As an agnostic who has listened to or watched many of Craig's debates online, I have to admit that he has won them all. In a number of cases, this is probably down to the ridiculous arguments presented by his opponent. For example, Peter Atkins argued that the universe is just a "reorganisation of nothing". Others bang on about the universe 'bootstrapping' itself into existence or infinities of universes just popping into being. To my mind, these kind of arguments can be taken no more seriously than Dawkins' "God did it!" characterisation of theistic belief.
Anonymous said…
I smell fear...
These debates on God are so 'last year'. As 'exapologst' has outlined there is nothing new on the table here. If we're seriously recomending replies to a debate which has yet to take place then so much for originality.
Anonymous said…
Here are some unsolicited suggestions. I hope they may prove useful.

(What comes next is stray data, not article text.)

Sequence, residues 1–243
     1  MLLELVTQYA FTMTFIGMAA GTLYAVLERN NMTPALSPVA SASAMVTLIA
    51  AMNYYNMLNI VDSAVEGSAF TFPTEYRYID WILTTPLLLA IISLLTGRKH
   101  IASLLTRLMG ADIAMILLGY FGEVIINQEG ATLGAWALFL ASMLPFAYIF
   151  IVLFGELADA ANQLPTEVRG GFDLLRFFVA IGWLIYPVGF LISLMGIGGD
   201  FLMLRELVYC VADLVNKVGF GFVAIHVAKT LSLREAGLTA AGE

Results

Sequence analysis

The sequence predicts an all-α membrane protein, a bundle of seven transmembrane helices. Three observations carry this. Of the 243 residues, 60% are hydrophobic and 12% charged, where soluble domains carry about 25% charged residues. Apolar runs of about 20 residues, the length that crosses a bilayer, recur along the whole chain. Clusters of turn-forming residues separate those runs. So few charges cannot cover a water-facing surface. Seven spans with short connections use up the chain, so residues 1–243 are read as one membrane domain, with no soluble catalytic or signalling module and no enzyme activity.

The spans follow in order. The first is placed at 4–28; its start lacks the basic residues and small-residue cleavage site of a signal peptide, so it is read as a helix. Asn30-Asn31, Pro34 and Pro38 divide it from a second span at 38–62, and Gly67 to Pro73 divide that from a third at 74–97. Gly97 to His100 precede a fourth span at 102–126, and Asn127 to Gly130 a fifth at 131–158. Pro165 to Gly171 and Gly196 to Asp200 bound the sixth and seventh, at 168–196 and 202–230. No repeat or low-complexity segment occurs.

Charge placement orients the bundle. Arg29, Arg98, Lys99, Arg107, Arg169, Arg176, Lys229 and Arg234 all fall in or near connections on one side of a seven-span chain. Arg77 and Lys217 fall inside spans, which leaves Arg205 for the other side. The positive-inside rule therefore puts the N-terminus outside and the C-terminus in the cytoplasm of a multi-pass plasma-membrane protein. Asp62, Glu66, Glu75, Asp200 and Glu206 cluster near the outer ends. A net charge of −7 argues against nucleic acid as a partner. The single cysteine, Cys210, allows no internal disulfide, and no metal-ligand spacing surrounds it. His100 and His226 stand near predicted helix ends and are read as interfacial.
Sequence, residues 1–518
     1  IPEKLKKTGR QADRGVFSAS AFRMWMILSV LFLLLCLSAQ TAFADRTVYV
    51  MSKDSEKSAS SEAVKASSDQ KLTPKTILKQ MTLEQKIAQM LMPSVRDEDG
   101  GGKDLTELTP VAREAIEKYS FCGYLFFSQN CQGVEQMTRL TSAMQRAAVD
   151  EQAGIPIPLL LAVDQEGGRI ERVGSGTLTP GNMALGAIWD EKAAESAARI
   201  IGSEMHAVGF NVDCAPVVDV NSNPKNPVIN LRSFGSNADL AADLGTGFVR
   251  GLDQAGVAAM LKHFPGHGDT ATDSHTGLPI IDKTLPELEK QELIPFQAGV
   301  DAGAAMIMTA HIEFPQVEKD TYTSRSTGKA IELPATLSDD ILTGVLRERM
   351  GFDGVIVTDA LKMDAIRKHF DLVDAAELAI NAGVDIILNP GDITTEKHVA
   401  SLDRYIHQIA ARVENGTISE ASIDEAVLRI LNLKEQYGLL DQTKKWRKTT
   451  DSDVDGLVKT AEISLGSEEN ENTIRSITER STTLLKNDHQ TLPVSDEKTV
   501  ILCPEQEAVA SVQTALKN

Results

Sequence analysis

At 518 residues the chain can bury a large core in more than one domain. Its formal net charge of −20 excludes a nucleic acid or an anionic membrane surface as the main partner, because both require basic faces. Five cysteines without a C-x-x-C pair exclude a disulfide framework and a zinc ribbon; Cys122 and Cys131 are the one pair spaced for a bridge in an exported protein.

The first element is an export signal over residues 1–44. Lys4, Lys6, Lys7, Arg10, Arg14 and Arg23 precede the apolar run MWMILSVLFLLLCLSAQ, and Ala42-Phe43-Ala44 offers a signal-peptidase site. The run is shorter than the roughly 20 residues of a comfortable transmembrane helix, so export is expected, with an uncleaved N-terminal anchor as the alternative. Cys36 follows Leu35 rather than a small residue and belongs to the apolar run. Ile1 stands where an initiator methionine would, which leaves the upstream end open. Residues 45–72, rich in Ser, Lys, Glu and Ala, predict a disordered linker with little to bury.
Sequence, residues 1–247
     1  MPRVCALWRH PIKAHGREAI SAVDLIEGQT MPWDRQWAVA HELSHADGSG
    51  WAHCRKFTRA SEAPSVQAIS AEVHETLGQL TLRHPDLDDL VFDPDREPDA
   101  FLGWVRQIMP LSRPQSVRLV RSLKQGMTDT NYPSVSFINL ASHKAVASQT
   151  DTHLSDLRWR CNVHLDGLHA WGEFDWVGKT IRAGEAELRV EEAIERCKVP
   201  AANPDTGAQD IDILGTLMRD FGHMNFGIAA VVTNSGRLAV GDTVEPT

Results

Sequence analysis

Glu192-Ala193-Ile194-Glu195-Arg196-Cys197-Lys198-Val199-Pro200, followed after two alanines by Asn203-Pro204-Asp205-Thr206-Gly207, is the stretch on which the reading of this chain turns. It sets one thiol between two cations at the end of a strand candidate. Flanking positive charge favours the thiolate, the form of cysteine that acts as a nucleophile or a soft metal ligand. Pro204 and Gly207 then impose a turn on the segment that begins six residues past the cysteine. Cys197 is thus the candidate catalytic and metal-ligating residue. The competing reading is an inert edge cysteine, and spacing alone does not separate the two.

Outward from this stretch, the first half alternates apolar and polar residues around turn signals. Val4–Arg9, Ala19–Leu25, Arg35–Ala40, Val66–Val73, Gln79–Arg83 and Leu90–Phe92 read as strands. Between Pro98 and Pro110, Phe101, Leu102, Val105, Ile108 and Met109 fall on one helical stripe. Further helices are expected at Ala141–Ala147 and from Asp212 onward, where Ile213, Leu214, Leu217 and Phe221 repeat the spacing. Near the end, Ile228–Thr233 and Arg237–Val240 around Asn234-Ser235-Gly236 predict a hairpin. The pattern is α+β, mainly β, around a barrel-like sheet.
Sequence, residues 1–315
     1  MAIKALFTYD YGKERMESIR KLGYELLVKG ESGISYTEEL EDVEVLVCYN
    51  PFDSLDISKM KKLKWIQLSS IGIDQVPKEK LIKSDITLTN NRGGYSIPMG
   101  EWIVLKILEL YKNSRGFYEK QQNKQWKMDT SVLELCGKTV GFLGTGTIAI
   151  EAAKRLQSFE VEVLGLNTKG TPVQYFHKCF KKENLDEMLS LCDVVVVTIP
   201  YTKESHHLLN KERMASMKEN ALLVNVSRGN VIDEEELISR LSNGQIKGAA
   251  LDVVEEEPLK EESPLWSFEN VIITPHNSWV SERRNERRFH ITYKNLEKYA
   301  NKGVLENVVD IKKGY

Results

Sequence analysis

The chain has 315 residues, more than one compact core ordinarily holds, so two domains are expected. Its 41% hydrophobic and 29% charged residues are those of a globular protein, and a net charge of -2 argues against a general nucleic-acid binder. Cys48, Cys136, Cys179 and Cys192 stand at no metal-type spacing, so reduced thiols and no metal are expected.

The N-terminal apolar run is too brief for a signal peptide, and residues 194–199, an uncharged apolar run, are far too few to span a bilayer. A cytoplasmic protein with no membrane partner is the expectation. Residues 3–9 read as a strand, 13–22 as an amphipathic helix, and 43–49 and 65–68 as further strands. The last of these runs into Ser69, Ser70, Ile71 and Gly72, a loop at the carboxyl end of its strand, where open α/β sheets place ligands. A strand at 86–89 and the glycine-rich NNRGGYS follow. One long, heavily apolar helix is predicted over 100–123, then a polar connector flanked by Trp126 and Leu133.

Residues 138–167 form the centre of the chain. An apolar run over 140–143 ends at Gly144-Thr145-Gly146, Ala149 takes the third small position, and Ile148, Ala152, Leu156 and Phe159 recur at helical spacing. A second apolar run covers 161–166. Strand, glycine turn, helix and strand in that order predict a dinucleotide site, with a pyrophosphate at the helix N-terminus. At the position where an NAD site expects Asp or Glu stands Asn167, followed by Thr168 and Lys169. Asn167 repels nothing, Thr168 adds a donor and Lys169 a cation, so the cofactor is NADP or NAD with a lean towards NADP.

I advise exposing his assumptions. Assumptions are just that ---assumed, nothing necessary about them. tell why it is unreasonable or at least no necessity whatsoever to subscribe to his assumptions; say that it is more reasonable, more common sensical to hold a different assumption. Demand proof, arguments, for the
assumptions in his arguments. Expose the assumptions in whatever arguments he replies with--if he does not try to ignore your demand. Don't let him ignore the demand---let the hearer know he is ignoring the demand because he has no answer.
Then also argue that--given the success of science---a simple reliance on the action of some all powerful entity,--is no substitute for real inquiry and investigation, leading to genuine knowledge. If science were to invoke some god or other to explain things,instead of a scientific mechanism, there would be no science at all---it would never have developed. People generally respect the results and findings of science.
Invoke Ockham: god is neither a necessary concept, nor a productive
one; people have their own moral sense even if they don't believe in a god--- god is superfluous;
make it clear that whatever intelligence is in the universe can be explained equally well without a god or indeed any anthropomorphic omnipotent entity at all. And whatever magnificence the universe has, stands on its own, without need for any god behind it.
No necessity for god.